Restriction Enzyme Lab Report

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Restriction enzymes bound to then eventually cutted the DNA at a specific nucleotide sequence by cleaving the phosphodiester bonds1. Restriction enzymes bound to specific nucleotide because it is known as sequence specific or as Type II endonucleases1. These enzymes are extracted from numerous bacterial strains in order to determine what bacteria or organism was affecting the DNA sequence. The cleavage of DNA with restriction enzymes lab was conducted to observe the recognition site and cleavage pattern of the organism: Bacillus amyloliquefaciens H (Bam HI) and Escherichia coli RY13 (Eco RI) that affected three different DNA’s. After the procedure has been conducted, the fragments would be examined to observe the base pairs of the DNA. Most of the recognition sites shown partial cleavage or complete cleavage.
Restriction enzymes cut the DNA at a specific nucleotide sequence by binding to the site first then cleaved the phosphodiester bonds1 after cutting the DNA. Therefore, double stranded recognition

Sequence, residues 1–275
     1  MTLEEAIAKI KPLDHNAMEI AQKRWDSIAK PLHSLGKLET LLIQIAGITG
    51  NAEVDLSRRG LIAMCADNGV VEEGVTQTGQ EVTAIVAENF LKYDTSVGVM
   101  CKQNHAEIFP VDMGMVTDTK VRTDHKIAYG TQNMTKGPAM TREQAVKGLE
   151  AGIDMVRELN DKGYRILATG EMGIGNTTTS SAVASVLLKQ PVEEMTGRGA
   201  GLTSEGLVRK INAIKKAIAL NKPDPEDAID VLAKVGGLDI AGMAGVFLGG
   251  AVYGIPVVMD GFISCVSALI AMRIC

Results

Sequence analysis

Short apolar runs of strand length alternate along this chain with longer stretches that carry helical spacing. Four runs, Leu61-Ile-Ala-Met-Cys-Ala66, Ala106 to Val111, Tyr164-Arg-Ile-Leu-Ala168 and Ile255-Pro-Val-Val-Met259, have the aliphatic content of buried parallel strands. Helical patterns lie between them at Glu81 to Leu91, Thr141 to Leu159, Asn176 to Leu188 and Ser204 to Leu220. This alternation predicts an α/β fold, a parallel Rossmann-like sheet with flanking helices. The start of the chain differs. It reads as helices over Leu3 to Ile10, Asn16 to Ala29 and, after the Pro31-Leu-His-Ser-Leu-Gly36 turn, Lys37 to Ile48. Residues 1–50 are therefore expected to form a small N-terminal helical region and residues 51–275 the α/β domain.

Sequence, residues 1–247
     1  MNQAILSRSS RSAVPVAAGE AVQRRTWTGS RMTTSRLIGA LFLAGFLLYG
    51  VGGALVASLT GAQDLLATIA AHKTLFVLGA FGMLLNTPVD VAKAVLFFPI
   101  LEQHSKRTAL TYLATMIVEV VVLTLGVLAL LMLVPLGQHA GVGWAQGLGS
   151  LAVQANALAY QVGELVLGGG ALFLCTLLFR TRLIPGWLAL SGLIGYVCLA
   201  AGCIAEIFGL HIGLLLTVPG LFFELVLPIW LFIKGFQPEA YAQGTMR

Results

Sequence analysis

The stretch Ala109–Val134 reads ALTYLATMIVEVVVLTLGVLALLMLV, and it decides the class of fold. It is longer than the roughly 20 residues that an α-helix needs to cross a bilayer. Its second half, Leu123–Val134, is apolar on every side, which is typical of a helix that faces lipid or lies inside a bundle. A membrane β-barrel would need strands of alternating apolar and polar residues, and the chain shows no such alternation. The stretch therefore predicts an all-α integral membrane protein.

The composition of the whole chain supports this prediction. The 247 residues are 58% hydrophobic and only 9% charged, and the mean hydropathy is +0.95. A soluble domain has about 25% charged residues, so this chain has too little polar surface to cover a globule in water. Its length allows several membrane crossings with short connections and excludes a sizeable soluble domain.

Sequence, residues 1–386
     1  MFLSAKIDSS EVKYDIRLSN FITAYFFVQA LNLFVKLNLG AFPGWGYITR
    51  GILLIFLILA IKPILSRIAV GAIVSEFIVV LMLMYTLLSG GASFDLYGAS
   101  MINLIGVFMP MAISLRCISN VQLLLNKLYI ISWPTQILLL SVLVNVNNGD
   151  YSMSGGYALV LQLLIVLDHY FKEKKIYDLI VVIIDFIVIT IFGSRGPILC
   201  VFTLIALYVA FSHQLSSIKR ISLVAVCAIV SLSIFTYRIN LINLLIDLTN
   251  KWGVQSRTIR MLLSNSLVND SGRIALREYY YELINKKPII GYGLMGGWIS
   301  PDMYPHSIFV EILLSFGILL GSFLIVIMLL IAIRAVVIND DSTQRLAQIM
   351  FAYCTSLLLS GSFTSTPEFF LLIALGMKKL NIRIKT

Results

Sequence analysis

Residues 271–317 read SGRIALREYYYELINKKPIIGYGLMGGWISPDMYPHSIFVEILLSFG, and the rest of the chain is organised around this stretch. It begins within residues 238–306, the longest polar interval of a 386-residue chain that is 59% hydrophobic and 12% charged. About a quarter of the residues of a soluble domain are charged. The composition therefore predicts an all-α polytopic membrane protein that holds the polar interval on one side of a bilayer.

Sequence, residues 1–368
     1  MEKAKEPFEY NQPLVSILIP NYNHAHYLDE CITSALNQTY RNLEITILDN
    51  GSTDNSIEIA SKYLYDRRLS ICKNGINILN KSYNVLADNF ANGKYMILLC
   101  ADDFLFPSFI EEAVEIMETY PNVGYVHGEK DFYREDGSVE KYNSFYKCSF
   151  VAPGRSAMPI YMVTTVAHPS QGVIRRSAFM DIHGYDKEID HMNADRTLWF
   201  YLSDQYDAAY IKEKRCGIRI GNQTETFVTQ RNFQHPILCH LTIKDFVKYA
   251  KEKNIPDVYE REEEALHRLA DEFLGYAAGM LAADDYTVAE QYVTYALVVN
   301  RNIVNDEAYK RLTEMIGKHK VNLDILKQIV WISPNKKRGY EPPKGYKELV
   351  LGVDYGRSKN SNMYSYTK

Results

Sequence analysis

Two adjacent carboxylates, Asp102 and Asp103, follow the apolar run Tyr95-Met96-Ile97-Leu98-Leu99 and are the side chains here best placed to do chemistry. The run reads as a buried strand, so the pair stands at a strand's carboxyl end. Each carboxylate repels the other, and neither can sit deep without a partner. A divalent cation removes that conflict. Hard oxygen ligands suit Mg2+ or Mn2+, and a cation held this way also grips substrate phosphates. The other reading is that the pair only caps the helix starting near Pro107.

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Then five reaction tubes were used to mix reaction buffer, qualified water, Bam HI or Eco RI, and DNA 1, DNA 2, or DNA 3 to reach a final volume of 30 µl. The restriction enzymes were added last to avoid possible errors or inactivation. The each solution were mixed in order to avoid dense layers of enzyme solution at the bottom of the tube. Each tubes were incubated for 60 minutes in a 37oC water bath to guarantee cleavage of DNA. Eventually, 5 µl of 10x gel loading solution was added to each reaction in order to stop the reactions. Then each solutions was mixed again then soon placed in heated bath for two minutes, eventually added to the electrophoresis gel for about 60 minutes. The .8% agarose gel used for electrophoresis aided in slowing the migration of the DNA fragments since large DNA fragments migrate faster than expected because of the strength of the voltage

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